Early on in our sailing career, the first mate and I discovered that we really enjoy anchoring out overnight. The bays in the North Idaho lakes where we cruise are surrounded by snow-capped mountains, covered by crystal clear starry skies, and afford plenty of privacy. The problem was, Summer Dance didn’t have an anchor light, which is a shame because according to the original invoice that I have, it would have only cost $36 in 1981 when she was built. Not even $tingy Sailor can add one that cheaply today.
According to Rule 30, paragraph (e) of the United States Coast Guard Navigation Rules (COLREGS), an anchor light is not always required on sailing vessels the size of the Catalina 22:
“(e) A vessel of less than 7 meters in length, when at anchor, not in or near a narrow channel, fairway, anchorage, or where other vessels normally navigate, shall not be required to exhibit the lights or shape prescribed in paragraphs (a) and (b) of this Rule.”
That pretty much sums up where we anchor most of the time although occasionally in a quiet anchorage. Seven meters equals 22.9659 feet. The length of a Catalina 22 hull is 21.5 feet, a foot and a half under the minimum length for a mandatory anchor light. But not wanting to get run into by drunk or wayward powerboaters, I took on the challenge anyway.
The good news is that the hull was already wired for one. I found one end of the positive wire near the breaker panel and labeled “Mast.” They probably wired them all that way during manufacturing and only added the hardware if ordered. The first hurdle was finding the other end of that wire. Almost all of the wiring in the first generation C-22s is embedded in the fiberglass of the boat. This makes the wiring mostly unserviceable. When no mast light is installed at the factory, there is also no mast wiring connector near the step. Fortunately, Catalina made a little dimple in the cabin roof a couple inches to the left of the mast step to indicate where the mast wiring terminates inside the upper deck.
Drilling for copper
Starting with a 1/4 twist bit, I cautiously drilled into the dimple and was relieved when the bit broke through into a void between the roof deck and the cabin liner. Then with a 1/2″ hole saw, I opened up the hole so that I could fish the wire ends out of the void with a coat hanger. About a foot of 16 gauge black and white wiring emerged that hadn’t been touched in 33 years. I connected the ends to the female half of a Sea-Dog 426262-1 polarized connector and screwed it into pilot holes in the deck sealed with butyl tape. I connected the other end of the positive wire to one of the breaker switches in the electrical panel. The other end of the negative wire was already connected to a common ground wire that runs along the port hull seam and serves the port dome lights and the bow navigation light.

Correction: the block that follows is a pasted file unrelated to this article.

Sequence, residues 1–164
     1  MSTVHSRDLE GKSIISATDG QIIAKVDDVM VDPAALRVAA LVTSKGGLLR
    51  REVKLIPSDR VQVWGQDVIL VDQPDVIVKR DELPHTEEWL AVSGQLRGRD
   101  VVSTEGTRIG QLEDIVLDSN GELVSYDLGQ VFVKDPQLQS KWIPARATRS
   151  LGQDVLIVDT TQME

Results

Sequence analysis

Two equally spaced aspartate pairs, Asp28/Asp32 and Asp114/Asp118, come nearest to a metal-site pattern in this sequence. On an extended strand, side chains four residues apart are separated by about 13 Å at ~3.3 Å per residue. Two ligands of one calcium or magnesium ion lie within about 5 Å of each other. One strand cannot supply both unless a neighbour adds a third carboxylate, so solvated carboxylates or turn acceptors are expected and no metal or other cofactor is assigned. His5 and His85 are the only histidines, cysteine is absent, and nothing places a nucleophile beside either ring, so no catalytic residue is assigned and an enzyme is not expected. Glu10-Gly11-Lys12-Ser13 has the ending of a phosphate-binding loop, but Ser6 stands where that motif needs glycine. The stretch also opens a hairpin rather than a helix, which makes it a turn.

With power to the mast step, the rest of the circuit needs to be inside the mast. I pulled 25′ of 16/2 duplex wiring through the mast and made a loop in the cable with a Zip Tie around the masthead bolt to carry the weight of the cable instead of the light connections. Before making the connections on both ends, I slipped closed cell foam pool “noodles” over the cable inside the mast. These prevent the cable from being damaged by hardware fasteners that protrude inside the mast and they prevent the mast from ringing from the cable slapping inside the mast when at anchor. This is much easier and cheaper to install than the recommended PVC conduit.
I drilled a 1/2″ hole in the bottom of the mast on the port side above the step and installed a rubber grommet. I ran the lower end through the grommet, slipped a piece of braided flex loom over the end to dress it up and connected the conductors to the male end of the deck connector.
It’s lonely (and expensive) at the top
At the top of the mast, the conventional wisdom is to use parts from a certain Catalina parts dealership:
- Z2004 Navigation Anchor Light
- D1157 Anchor Light Mast Mount Tube
- Z1798 Anchor Light Tube Installation Kit (if you don’t already own the right drill bits and taps)
But that’s over $70 before replacing the incandescent bulb with the LED array that I described in LED conversion. Being one who doesn’t always follow the conventional wisdom, I purchased the same Aqua Signal series 25 light from my local marine discounter for $10 and set out to fabricate my own mast mount tube.
I used a leftover piece of 1″ aluminum tube from my bimini project and purchased a 3/4″ length of 2-1/2″ diameter UHMW rod from my local specialty metals shop. Along with a through hole for the wiring, I drilled a 1″ diameter countersink in the bottom of the disk to accept the tube, countersank two panhead screws through the sides to attach the disk to the tube, and drilled three pilot holes in the top of the disk to mount the light.
The assembled mount is very solid. At the bottom of the tube, I cut out a profile to fit the side of the masthead casting and I drilled and tapped the masthead for two 10-24 machine screws to attach the completed light assembly.
I also drilled a 1/4″ hole through the bottom of the masthead to route the wires up through the tube and into the light base where they connect to the terminal screws.
To finish the project, I replaced the 10 watt incandescent bulb with a 3.6 watt cool white LED array (#819279) from Sailboatowners.com. The LEDs put out brighter light than the old style bulb and use a third of the power.
Now we’re properly lit while staring at the stars from our king size bed made up in the salon.
The Bottom Line
Suggested price: $163.68
$tingy Sailor cost: $61.76
Most C-22s have a similar anchor light setup. Is yours different and how do you like it?